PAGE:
"Hey Q-Q!" Shirley Raines calls out. Colorful flowers, potted plants and a "Home Sweet Home" sign adorn the entrance to Q's home.
Q, who is transgender and HIV positive, says in the episode that she felt vulnerable living in the main part of Skid Row.
"This zone is, to me, much more nicer," Q says. "It is a lot safer for me."
Raines says Skid Row's main area can be "very territorial," so that's why Q and other members of the gay and transgender community live a few blocks away.
"If you can't protect and defend yourself, you don't go to the Row," says Raines. "You stay back here."
Despite the challenges she faces, Q maintains a positive outlook.
"I love life. I love just the smell of nature, the flowers, plants," she says. "This is a world too. We might not have the luxury things that they have down there, but we're human just like they are."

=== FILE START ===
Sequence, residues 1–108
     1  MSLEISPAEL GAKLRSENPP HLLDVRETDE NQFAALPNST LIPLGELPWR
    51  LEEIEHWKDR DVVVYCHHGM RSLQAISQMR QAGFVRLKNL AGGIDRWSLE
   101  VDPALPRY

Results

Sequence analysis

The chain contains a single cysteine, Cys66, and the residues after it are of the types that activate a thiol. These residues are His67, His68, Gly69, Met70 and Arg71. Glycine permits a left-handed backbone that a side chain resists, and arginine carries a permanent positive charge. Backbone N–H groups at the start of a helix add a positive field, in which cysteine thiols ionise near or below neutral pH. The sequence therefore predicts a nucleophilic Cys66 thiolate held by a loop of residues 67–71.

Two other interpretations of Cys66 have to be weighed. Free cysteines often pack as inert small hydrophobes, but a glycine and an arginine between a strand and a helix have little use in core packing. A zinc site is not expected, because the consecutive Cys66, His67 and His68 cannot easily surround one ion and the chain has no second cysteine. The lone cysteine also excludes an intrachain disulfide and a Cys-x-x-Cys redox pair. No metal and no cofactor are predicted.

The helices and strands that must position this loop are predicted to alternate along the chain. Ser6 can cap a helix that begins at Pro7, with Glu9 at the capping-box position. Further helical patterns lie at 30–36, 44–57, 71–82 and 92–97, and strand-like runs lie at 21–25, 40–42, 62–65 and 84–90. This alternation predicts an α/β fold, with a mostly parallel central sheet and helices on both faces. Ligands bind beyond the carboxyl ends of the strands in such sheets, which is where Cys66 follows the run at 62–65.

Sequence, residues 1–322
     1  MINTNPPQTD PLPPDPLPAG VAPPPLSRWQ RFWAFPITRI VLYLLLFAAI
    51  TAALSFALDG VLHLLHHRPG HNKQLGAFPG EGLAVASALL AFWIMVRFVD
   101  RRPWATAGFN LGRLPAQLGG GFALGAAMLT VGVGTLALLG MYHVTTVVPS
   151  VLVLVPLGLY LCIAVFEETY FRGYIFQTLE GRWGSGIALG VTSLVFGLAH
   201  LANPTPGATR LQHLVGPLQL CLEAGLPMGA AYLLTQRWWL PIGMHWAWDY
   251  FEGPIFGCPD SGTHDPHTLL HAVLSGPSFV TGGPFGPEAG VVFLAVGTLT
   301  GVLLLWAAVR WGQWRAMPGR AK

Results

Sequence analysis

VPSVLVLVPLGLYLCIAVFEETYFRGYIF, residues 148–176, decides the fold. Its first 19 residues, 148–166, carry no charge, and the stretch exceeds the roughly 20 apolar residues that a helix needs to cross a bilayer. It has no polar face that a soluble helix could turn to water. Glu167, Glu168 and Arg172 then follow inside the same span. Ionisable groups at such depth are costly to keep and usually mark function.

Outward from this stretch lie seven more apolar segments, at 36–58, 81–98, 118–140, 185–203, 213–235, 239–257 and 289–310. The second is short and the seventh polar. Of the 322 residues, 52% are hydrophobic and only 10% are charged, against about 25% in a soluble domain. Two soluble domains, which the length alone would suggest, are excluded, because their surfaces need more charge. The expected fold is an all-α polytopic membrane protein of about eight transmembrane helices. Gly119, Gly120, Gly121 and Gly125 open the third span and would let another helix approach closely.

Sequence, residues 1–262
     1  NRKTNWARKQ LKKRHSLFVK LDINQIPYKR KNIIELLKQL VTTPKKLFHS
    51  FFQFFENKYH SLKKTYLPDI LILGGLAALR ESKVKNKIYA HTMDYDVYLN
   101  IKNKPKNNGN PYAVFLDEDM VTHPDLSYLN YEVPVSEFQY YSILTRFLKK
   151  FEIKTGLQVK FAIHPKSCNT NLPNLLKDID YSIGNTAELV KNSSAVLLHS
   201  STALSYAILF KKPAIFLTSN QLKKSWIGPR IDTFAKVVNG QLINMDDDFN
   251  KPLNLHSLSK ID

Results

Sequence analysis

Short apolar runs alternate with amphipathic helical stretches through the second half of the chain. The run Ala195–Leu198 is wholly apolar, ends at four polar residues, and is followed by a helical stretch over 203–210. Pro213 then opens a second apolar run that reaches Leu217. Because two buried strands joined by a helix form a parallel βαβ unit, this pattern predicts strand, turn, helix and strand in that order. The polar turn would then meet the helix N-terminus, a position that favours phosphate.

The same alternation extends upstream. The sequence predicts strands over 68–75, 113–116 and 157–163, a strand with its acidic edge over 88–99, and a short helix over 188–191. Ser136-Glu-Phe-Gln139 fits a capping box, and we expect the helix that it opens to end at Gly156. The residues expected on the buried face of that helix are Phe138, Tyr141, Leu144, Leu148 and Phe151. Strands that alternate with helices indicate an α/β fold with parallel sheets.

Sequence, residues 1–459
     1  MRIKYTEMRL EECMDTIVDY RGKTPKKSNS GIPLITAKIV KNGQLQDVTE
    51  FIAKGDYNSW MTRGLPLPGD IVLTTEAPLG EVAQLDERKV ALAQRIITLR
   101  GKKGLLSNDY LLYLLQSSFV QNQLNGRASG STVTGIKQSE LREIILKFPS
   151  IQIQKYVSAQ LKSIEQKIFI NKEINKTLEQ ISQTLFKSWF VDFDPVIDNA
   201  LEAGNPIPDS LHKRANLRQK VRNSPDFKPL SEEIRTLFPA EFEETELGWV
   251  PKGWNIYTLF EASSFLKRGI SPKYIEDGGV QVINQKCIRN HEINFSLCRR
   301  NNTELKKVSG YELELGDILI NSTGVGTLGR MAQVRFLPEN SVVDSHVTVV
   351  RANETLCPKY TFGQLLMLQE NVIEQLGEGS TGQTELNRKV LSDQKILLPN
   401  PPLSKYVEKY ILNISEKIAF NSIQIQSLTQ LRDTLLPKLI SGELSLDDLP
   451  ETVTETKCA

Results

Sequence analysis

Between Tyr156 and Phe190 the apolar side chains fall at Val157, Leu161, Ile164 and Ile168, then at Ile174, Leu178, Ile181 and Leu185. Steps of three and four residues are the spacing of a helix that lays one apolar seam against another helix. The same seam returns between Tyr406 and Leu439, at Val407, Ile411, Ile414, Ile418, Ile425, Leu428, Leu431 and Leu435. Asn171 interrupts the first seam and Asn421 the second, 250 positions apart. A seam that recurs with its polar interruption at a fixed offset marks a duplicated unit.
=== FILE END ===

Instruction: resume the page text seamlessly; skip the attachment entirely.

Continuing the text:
A couple of weeks after the "United Shades of America" episode aired on CNN, Raines revealed some happy news about her friend: Q's family spotted her on the show and brought her home.
"She's back home, acclimating well," Raines told CNN this week.
Raines said it had been 26 years since Q had seen her family, and while some of the homeless men and women she's worked with have gotten off the streets, very few reunite with their relatives.
"She's sleeping in a bed, eating at a table, living the life that everyone deserves to live," Raines said. "She's got 'miracle' written all over her."